My art practice reveals the continued presence and patterns of First Nations knowledge, history and culture in the contemporary Australian landscape despite ongoing interventions.
First Nations knowledge systems are utilised visually to reshape ways of thinking, seeing, understanding and interacting with place. The built environment is being re-imagined and reconstructed through a First Nations lens to reflect the long history of Indigenous people in this country and to reaffirm identity and connectivity, to give visual representation to that which is often unseen.
The intertwining of Indigenous cultural knowledge systems, technology and the built environment is an integral element of my art practice. By visually deconstructing and reassembling western systems, the work mirrors the methodical disassembly and denial of First Peoples cultural knowledge and highlights his desire to reshape and reaffirm contemporary thought, understanding and truth about the deep-time existence of Aboriginal philosophy, spirituality and knowledge and the role they continue to play in today’s society.
The various ways that native birds interact with the built environment reflects resilience, adaption, continuity, and change to ecological systems. Learning from the rhythm and habits of native birds in a variety of spaces, I experience how birds have adapted to the built environment, technology and colonial interventions, reflecting on the ways in which Indigenous cultures survive and adapt.
One of the central motivations for my art practice is to increase Indigenous cultural representation in the built environment, to provide a dedicated and considered space for the exchange of stories, histories, images and insights. My art practice reaffirms, identity, connection to place and the continuing evolution of Indigenous cultural practices whilst engaging audiences to question long held frames of reference.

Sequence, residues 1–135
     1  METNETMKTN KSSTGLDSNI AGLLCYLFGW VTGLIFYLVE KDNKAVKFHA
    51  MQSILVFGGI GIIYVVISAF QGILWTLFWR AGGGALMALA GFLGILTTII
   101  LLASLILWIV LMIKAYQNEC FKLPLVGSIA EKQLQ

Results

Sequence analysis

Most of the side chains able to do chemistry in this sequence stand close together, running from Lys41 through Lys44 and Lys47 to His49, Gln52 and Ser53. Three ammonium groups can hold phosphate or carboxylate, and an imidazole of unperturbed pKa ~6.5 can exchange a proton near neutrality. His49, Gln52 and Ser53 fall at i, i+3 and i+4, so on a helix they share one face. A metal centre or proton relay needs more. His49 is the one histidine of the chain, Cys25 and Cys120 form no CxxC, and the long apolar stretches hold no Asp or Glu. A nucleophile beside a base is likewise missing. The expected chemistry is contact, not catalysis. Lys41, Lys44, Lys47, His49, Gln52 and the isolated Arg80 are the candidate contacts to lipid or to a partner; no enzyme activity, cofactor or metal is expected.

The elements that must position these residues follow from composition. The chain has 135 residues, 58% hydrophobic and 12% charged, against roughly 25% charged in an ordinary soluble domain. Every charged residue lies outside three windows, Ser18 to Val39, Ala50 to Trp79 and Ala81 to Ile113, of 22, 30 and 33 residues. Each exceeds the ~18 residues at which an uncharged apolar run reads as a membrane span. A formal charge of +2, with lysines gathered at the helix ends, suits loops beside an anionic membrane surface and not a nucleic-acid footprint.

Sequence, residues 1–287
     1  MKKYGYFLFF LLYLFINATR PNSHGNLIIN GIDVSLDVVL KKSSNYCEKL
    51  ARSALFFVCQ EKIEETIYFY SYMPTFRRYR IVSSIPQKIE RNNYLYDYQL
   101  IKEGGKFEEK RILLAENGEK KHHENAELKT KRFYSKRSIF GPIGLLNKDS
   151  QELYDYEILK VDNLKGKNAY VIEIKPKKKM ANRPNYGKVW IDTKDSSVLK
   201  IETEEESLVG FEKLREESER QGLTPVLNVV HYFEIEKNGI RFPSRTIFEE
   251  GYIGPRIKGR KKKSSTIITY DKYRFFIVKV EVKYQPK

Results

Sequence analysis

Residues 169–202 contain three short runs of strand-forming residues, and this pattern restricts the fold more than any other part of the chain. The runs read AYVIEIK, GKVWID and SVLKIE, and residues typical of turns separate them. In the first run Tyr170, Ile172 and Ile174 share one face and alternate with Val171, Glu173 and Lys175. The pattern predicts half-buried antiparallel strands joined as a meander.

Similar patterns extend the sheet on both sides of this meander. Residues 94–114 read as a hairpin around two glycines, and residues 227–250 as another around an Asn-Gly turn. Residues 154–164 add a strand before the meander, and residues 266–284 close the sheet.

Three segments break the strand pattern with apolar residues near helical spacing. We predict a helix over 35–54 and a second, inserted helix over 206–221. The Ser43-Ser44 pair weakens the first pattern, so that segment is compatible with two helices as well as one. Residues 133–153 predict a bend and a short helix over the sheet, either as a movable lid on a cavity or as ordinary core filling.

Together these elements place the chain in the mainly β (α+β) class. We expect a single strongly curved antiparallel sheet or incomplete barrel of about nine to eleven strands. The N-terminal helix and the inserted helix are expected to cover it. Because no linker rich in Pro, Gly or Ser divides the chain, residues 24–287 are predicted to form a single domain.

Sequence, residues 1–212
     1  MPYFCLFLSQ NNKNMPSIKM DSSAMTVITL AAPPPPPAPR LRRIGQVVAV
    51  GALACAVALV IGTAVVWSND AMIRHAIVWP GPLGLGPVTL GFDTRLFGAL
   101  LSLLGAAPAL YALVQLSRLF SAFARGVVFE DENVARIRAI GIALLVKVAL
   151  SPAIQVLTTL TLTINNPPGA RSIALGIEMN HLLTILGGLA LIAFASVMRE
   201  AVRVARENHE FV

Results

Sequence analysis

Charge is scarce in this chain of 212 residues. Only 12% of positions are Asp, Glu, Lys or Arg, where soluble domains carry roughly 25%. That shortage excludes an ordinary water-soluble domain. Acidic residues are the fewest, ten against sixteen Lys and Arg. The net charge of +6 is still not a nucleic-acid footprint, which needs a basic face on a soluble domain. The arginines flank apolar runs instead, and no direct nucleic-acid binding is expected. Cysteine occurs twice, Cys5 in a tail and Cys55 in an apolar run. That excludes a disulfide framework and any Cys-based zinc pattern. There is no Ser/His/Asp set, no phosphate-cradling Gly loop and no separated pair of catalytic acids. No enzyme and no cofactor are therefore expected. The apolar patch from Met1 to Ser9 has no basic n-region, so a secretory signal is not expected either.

He holds a Bachelor of Fine Arts from Monash University and a post-graduate Diploma in Fine Art from Victorian College of the Arts and is an alumnus of the National Gallery of Australia’s Wesfarmers Indigenous Leadership Program.
Kent has exhibited widely throughout Australia in both solo and group exhibitions, most recently in Tarnanthi: Festival of Contemporary Aboriginal and Torres Strait Islander Art at the Art Gallery of South Australia, Adelaide (2021 and 2017), Wilam Biik at Tarrawarra Museum of Art, Melbourne (2021), and Tree Story, Monash University Museum of Art, Melbourne (2021). He has been shortlisted for the National Aboriginal and Torres Strait Islander Art Awards (NATSIAA’s) at the Museum and Art Gallery of the Northern Territory in Darwin each year from 2016 – 2020.
Kent has also worked on large scale architectural commissions for building interiors at UTS, Sydney, and Australian Unity, Melbourne. He has also completed public works including billboard projects for the Australian Centre for Contemporary Art and the City of Moonee Valley and was commissioned to design one of the Melbourne Art trams as part of the 2019 Melbourne International Arts Festival. His work is included in numerous major collections, including the National Gallery of Victoria, Artbank, The University of Technology, Sydney, Horsham Art Gallery, Australian Unity and the Parliament House Art Collection.
Central themes in his art practice are the connections between contemporary Indigenous experience and contemporary cultural practices and their continuation and evolution.
Kent’s photography practice re-imagines and reconstructs shapes and structures to reflect the systems and designs of First Nations knowledge in Australia.
Through digital photographic processes, Kent engages audiences by manipulating technological structures and nature into new forms that reflect Indigenous and western knowledge systems merging together to reinforce shared histories and First Nations cultural continuity since time immemorial.
One of the central motivations for Kent’s work is to provide a dedicated and considered public space for the exchange of stories, histories, images and insights and to give visual representation to that which is often unseen. His art practice explores identity, connection to place and the continuing evolution of cultural practices whilst engaging audiences to question long held frames of reference.
Kent also leads The Torch, a not for profit organisation that provides art, cultural and arts vocational support to Indigenous offenders and ex-offenders in Victoria through its Indigenous Arts in Prison and Community Program which he began in 2011.